Genetics and Physiology of Lactic Acid Bacteria

Group leader: Jan Martinussen 

The main objective of the group is to understand the genetics and physiology of Lactic Acid Bacteria in order to predict their behavior in different environmental settings. We want to provide the foundation for intelligent development of starter cultures in the industry and subsequent efficient exploitation in the dairies. Lactic Acid Bacteria are a group of Gram-positive bacteria with a huge impact on the Danish society due to their role as dairy workhorses responsible for billions of kroner in turnover: moreover, they are key organisms in the gut microbiota, contributing to health of the Danish population. Lactococcus lactis is by mass and marked value the most important among the lactic acid bacteria used by the dairy industry. Since this organism has been studied by a substantial number of research groups, it has reached a status as the model organism for fermentative gram-positive microorganisms. 
 
This research group has a strong foundation in molecular biology and bacterial physiology, and has been working with lactic acid bacteria for more than 25 years. The work has been focused on control and regulation of the nucleotide metabolism, but recently, the study of exopolysaccharide biosynthesis has been included.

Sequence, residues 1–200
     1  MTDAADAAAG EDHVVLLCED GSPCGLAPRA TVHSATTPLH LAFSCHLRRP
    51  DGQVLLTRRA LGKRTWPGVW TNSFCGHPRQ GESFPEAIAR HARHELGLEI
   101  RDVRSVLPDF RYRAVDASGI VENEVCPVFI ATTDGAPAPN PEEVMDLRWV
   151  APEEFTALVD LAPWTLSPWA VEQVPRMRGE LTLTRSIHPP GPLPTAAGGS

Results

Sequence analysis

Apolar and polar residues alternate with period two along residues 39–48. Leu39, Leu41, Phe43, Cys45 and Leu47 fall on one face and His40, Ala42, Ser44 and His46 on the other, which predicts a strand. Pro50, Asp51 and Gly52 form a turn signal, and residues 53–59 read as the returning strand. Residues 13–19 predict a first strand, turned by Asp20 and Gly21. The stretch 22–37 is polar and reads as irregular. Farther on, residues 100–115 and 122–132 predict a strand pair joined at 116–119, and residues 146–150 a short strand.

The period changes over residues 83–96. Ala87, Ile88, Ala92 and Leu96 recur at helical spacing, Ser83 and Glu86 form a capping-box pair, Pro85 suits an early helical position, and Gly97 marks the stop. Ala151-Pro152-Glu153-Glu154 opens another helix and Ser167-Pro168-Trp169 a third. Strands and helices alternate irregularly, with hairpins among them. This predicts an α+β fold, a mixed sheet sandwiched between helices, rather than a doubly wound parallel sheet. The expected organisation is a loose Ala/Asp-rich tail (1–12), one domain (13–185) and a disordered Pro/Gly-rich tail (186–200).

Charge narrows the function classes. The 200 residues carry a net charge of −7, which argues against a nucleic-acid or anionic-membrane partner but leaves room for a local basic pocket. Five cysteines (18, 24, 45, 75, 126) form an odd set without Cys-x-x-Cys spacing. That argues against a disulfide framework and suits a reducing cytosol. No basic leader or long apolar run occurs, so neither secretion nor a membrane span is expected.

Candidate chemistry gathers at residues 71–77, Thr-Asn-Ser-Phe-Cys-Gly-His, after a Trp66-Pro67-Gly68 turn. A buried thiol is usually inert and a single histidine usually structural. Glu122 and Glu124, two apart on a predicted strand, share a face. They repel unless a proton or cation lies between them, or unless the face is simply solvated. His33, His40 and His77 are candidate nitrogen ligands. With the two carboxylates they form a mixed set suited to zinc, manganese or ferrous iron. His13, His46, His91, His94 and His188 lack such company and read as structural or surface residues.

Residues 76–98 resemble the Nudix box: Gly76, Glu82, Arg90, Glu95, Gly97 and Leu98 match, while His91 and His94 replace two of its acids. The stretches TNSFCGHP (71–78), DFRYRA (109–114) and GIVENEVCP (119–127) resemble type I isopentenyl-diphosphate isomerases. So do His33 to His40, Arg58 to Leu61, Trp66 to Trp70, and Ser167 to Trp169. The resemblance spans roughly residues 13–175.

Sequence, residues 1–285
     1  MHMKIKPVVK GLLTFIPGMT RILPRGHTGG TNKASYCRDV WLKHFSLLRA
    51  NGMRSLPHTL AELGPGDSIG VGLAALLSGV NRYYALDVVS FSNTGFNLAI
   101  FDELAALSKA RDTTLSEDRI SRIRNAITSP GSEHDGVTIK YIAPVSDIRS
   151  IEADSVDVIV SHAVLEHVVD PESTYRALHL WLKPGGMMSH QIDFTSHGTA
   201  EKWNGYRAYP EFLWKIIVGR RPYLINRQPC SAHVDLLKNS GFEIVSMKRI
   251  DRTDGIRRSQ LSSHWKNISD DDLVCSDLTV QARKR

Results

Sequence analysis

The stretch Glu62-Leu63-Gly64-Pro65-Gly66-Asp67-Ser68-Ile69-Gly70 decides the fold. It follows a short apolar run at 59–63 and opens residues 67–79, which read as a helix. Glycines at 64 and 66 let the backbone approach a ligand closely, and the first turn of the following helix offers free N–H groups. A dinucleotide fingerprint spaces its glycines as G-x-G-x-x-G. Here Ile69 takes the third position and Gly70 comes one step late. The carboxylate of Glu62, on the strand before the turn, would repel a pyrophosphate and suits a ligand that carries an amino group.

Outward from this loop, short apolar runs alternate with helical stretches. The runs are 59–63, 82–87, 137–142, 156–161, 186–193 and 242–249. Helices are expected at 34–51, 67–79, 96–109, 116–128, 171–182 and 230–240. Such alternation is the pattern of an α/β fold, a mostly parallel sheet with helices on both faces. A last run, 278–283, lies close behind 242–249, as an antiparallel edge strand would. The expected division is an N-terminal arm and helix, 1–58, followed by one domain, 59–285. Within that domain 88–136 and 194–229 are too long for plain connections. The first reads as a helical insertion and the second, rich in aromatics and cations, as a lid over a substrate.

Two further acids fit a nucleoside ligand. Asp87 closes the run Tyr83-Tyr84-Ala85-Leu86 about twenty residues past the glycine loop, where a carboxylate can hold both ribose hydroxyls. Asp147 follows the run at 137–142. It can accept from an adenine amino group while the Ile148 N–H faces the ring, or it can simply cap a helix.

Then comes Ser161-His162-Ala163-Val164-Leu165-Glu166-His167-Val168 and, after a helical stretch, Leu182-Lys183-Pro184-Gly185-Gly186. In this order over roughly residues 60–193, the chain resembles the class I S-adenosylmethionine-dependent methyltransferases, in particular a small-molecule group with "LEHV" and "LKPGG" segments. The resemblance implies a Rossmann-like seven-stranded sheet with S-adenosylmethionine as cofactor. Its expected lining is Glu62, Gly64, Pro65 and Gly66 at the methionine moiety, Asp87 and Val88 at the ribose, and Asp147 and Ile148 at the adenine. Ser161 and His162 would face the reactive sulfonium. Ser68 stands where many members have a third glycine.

Nucleotide metabolism
Apart from being building blocks for RNA and DNA, purine and pyrimidine nucleotides contribute to virtually all cellular processes either as coenzymes used in the biosynthesis of proteins, phospholipids and polysaccharides, or as energy carriers in most metabolic pathways. They are also exploited as intracellular signaling molecules, having profound impact on cell metabolism. 
 
Exopolysaccharide (EPS) biosynthesis
Exopolysaccharides are extremely important biomolecules; in dairy products like yoghurt, they provide the texture and rheological properties, whereas in environmental settings like the gastro-intestinal tract, they provide protection against bacteriophages, antibiotics and the immune system. Bacterial exopolysaccharide production depends on the genetic makeup and precursor availability in the bacterial cell. We will unravel the fundamental molecular background for exopolysaccharide production.

Contact

Jan Martinussen
Lektor
DTU Bioengineering
+45 45 25 24 98

Courses/Projects